Friday, June 20, 2008
Given the crazy-high ratios of applicants to full-time faculty jobs in many disciplines, why not lower the wages to a 'market clearing' level?
Or, to make the same argument from the left, why not give adjuncts salary parity? Right now, higher-than-market full-time faculty salaries are subsidized by astonishingly low adjunct salaries. As a result, there's a chronic surplus of applicants for full-time roles, and a chronic scramble for good adjuncts. If we established both 'parity' and 'market-clearing levels' as guiding principles, I'd expect to see per-course salaries fall considerably higher than current adjuncts get, and considerably lower than full-timers get, depending on the field.
(Of course, in fields with a shortage of full-timers, something like this happens already on the high end. I'm talking here about the fields with far more applicants than jobs, like English or history.)
Over time, the uninspiring salaries for full-timers would probably lead fewer people to get graduate degrees in those disciplines. This is probably a good thing. It's 'pricing' as 'signaling,' which is how a market is supposed to work. Eventually we'd have fewer underemployed Ph.D.'s, which strikes me as a humane change.
Different disciplines would have very different pay scales, much more so than they do now. For example, professors who teach Broadcasting would make much more than professors who teach Composition. Those who teach Nursing could command substantial premiums over those who teach French.
Of course, to make the market a market, tenure would have to be banned as cartel-like restraint of trade. In a competitive marketplace, there's no such thing as tenure. Your monetary worth rises and falls with both the market value of your discipline and your relative standing within it. Resting on laurels wouldn't be an option. Is seniority worth what we pay for it? Let the market decide.
I could see an easy attack on this position: “this is yet another attempt to impoverish faculty.” Well, no. That attack only makes sense if you ignore what adjuncts currently get paid. If you count adjuncts as faculty, the objection evaporates, since they would almost certainly get more than they get now.
(I read somewhere – Freakonomics, maybe? -- that most criminal gang members make less than the minimum wage. The reason they work for so little and accept such horrible risks is for the shot at the big payoff. It's a sort of winner-take-all tournament. I think that's a reasonably fair description of the academic job market. Why are so many people willing to adjunct for so little? Many of them do it to stay in the game for the shot at the Golden Job. If the Golden Job suddenly tarnished, many adjuncts would probably walk away altogether. Supply and demand being what they are, wages would have to rise to compensate.)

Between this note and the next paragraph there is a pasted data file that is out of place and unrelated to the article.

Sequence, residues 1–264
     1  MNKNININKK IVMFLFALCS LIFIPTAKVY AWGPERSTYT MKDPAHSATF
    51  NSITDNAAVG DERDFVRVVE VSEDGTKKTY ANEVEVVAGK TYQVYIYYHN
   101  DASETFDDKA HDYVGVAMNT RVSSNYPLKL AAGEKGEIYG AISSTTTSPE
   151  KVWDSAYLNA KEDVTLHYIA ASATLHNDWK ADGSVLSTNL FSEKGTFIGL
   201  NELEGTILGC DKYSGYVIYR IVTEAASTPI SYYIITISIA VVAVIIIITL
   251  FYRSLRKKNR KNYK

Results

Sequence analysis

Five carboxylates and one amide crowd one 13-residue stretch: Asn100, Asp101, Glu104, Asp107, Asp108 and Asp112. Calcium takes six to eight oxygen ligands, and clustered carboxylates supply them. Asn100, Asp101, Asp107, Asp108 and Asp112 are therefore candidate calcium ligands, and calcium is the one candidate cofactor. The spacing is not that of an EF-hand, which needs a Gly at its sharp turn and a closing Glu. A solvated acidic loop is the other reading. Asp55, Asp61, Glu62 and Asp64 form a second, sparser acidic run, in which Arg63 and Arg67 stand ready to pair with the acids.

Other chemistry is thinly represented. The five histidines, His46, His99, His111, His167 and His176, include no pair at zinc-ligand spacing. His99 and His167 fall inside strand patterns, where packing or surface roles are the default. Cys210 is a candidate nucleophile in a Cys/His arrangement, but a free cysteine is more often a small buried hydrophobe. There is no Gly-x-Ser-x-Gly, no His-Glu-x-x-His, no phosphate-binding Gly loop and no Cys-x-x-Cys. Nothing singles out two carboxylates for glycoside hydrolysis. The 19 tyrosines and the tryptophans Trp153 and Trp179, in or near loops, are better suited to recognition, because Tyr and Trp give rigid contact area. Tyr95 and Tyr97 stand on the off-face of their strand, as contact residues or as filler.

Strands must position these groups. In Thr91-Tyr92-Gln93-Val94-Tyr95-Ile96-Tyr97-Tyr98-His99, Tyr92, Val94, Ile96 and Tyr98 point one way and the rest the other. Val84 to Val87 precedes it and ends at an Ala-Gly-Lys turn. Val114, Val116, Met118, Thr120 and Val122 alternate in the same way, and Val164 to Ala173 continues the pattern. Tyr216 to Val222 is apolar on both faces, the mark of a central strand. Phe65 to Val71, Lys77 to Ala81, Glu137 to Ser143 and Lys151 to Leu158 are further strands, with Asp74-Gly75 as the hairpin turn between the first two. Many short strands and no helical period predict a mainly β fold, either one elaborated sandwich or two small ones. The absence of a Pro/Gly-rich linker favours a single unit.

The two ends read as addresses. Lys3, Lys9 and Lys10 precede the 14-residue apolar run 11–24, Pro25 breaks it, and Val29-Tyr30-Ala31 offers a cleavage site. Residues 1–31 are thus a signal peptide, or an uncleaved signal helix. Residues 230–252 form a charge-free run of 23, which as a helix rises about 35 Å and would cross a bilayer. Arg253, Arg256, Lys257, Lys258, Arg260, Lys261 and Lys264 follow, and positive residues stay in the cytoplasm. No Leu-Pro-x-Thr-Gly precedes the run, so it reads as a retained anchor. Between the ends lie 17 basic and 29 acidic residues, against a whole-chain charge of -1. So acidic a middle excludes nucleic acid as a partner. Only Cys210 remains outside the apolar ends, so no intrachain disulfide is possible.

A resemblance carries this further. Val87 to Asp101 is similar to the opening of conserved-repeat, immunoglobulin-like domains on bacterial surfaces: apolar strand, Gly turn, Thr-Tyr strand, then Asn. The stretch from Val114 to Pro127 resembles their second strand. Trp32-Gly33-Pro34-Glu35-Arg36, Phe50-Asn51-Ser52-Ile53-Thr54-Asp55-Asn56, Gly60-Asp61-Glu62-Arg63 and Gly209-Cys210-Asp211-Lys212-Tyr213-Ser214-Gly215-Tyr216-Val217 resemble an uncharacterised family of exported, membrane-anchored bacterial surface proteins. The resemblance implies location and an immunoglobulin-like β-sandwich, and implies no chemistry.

Another easy attack: “students don't know what they want. Trendy stuff would supplant The Classics.” There's some truth to that, but honestly, that ship sailed some time ago. (Undergraduate business majors, anyone?) And as long as employers want students with actual skills, I suspect there's a market-based limit to the number of people who will major in YouTube Studies.
A more thoughtful attack: “graduate school takes years and years, during which time the market can change. How are people supposed to know what will be hot in seven years?” That strikes me as a damn good argument for streamlining graduate programs, and forcing them to pay some actual attention to the realities of their fields. It might also dissuade people from piling into overcrowded fields, which would make the endless reproduction of the reserve army of the underemployed much harder. That's a good thing.
Another thoughtful attack: “specialized study requires extended time and minimal disruption. This would privilege the quick-and-dirty.” Again, there's some truth to that, but there's also a difference between 'specialized' and 'actually good.' They aren't mutually exclusive, but they aren't synonyms, either. I'm constantly struck at the ratio of crap-to-quality published in my scholarly discipline, and it's hardly unique in that. And the private sector seems to do 'specialization' pretty well, one way or another, so market conditions obviously aren't fatal to it.
This is all much less hypothetical than it might seem. Yes, the transition within existing tenure-based institutions would be wrenching, if it happened there at all. Instead, the transition is happening with the emergence of new institutions – proprietaries, notably – increasingly at the expense of traditional ones. Which means that those of us who care about education as a public good – who don't just want to cede it to the Apollo Groups of the world – need to get serious about questioning how we do things.
That's a long response to a short comment. Wise and worldly readers – what do you think?